Voices from the Field: What the Frack?

  • March 13, 2013
  • CDR Mikeal (Mike) Staier, USCG

I recently set out to learn more about the process of fracking, with an interest in the risks and the mitigation of risks, as well as the national security implications of America’s potential natural gas glut. 

While there are innumerable diagrams and images available online from a variety of sources detailing the process, I did not find any clear, coherent messaging from government and industry entities.  So, I turned to a 2010 documentary titled “GasLand” where director Josh Fox appears to go to great lengths to paint fracking in the least optimistic light, climaxing with a scene in which he lights methane-laced tap water on fire as it streams from a rural Pennsylvania man’s faucet.  Immediately after watching “GasLand,” I watched “FrackNation,” which originally aired on AXS TV in January 2013, by director Phelim McAleer specifically aimed at debunking the myths professed in “GasLand.”  At the end of half a day in front of the television, I had more questions than I had answers.

Seeking clarity, I attended two recent Center for Strategic and International Studies (CSIS) panel discussions on the topic of unconventional natural gas featuring Senator Ron Wyden (D-Oregon) and Senator Lisa Murkowski (R-Alaska) in the first and representatives from industry, environmental, and technology in the second.  Consistent among all participants was a willingness to find common ground to ensure “affordable, abundant, clean, diverse, and secure energy” as Senator Murkowski put it.  As for regulation, there appears to be consensus, or near consensus, that regulatory responsibilities should largely lie with the states and that federal regulations should focus on disclosure, transparency and audit requirements. 

It became apparent to me that one of the key issues facing all the participating parties in the tight oil and shale gas revolution is messaging.  There is a lot of common ground that exists and coordinated, co-endorsed messaging can go a long way to communicate to the populace.  The benefits, risks and risk mitigation strategies should be discussed and common ideas and solutions communicated by the consortium of environmental, industry and technology sectors.  Special interest groups certainly have a role to play as they can apply pressure for transparency of information.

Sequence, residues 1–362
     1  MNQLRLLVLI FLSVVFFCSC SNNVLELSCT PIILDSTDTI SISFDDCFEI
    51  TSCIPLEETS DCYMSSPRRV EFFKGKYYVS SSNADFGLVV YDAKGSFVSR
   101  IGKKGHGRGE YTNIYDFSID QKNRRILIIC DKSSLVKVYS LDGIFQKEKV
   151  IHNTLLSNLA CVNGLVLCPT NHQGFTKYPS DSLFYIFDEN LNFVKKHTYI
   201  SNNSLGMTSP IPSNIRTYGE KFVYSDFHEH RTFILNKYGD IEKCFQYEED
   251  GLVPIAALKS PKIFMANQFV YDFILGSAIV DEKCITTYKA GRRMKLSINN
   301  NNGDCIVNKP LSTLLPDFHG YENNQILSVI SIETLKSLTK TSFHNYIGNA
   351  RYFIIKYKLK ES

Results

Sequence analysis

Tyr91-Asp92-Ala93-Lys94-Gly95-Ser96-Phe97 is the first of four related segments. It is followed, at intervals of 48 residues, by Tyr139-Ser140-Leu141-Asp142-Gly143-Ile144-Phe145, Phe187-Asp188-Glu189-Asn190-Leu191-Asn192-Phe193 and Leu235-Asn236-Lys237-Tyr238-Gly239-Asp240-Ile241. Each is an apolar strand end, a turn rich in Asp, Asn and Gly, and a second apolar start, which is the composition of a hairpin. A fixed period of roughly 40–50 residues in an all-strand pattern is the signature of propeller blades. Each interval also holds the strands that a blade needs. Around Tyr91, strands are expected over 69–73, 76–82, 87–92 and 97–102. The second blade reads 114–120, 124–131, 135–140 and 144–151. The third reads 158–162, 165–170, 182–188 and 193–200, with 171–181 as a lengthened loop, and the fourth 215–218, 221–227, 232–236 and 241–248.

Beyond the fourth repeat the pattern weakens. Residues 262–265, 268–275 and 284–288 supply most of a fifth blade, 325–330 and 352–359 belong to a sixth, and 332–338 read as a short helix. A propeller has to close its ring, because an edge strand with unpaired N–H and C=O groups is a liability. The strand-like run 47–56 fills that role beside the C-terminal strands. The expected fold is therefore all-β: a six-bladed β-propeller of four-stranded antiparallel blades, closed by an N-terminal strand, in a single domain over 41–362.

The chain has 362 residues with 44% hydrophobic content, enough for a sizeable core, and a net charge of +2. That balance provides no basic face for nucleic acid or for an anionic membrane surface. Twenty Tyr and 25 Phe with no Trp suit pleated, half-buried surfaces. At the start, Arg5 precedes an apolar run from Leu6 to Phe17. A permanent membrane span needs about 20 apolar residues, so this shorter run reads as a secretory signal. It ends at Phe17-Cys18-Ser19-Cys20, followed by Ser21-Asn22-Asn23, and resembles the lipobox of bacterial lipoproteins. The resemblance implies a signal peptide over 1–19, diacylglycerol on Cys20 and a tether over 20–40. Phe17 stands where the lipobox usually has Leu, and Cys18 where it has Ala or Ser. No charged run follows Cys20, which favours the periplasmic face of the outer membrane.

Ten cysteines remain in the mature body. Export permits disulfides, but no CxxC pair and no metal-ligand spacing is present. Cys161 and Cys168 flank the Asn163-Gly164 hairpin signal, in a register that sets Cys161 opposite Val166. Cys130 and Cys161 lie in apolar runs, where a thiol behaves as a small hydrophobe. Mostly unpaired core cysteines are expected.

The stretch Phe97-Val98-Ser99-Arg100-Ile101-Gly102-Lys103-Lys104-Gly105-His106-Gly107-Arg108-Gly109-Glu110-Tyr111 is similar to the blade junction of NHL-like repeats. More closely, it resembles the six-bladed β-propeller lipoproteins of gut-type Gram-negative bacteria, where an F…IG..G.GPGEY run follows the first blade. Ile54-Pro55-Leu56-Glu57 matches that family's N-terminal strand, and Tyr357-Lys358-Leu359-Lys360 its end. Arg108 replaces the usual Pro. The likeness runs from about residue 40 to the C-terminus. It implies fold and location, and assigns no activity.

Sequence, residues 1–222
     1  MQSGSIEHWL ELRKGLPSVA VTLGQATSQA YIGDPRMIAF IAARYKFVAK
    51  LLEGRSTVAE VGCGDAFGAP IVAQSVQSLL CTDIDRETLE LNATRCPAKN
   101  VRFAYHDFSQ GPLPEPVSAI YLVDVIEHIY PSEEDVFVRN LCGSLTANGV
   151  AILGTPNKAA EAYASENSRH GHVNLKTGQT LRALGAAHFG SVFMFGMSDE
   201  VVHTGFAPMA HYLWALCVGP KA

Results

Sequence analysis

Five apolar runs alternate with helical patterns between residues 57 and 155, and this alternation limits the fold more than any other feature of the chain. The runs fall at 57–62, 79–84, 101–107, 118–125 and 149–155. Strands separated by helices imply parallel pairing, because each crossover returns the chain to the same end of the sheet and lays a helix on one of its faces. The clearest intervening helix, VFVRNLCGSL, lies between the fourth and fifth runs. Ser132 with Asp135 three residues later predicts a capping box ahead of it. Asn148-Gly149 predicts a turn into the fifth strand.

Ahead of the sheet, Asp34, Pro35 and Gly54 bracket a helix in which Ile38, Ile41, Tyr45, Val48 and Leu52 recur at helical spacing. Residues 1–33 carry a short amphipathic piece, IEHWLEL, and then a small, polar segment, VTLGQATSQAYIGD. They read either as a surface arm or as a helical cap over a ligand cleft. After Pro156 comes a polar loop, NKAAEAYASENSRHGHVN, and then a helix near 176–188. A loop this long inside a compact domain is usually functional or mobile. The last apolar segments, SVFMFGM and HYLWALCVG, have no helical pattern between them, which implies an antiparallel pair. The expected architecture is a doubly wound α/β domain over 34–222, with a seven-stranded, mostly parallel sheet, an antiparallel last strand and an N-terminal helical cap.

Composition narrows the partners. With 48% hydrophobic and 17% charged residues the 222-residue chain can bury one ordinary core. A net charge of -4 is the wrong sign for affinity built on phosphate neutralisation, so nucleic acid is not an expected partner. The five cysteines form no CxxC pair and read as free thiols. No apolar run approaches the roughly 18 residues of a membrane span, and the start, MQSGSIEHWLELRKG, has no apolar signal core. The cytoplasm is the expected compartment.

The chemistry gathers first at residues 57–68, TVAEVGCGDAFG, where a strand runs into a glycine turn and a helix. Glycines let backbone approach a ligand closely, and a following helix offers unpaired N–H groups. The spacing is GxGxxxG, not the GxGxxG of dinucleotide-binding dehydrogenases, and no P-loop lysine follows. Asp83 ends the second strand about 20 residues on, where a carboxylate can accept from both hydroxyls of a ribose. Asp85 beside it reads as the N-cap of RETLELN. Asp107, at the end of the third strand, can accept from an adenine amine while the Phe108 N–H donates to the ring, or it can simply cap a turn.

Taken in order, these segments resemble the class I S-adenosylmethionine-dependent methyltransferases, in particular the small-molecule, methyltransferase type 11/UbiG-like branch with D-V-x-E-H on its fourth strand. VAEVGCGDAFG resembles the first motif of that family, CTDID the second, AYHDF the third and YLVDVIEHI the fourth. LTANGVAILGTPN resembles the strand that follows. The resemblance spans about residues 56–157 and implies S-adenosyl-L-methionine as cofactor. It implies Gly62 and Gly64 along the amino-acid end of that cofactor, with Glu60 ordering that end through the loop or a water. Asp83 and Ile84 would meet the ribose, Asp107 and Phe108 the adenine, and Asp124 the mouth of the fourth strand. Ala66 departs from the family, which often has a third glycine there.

A major challenge to coordinated messaging, at least on the production side, is that there are 300 different producers representing 75 percent of the production and over 1000 producers total, as one CSIS panelist stated.  It is nearly impossible to speak in a coordinated and coherent manner when there are so many cooks in the kitchen.  Industry consolidation will likely occur naturally over a period of time.  This consolidation cannot come soon enough from a messaging perspective. 

So why is this important?  Whether the United States moves to energy self-sufficiency or even further to become a net exporter of natural gas, the global energy-based geopolitics is changing.  America’s relationships and actions in the Middle East, rebalance to Asia and overall global footprint may be affected by the Western Hemisphere’s growth in the recovery and production of natural gas and tight oil.  By some estimates, the United States has 100 years or more worth of recoverable natural gas which is (potentially) a game changer.  While important, the potential tight oil take is only approximately 24 billion barrels, by some estimates, equating to a little more than 3.5 years worth of oil if the United States stopped all oil imports at the current pace of crude consumption.  However, as a supplement to foreign oil, our tight oil capacity could last several decades.

From a national security perspective, this glut of domestic energy can be a real catalyst. However, the lack of transparency can lead to a lack of public confidence, which can ultimately threaten to upend the entire energy boom.  From basic infrastructure to the transportation industry to fueling our military vehicles, aircraft and ships, these new energy sources can completely change the paradigm of how we support the interests of the United States, foreign and domestic.  There is an urgent need for clear and coherent messaging.

CDR Mikeal Staier, USCG, is a senior military fellow at the Center for a New American Security. The views presented here are his own and do not represent those of the U.S. Coast Guard or the Department of Homeland Security.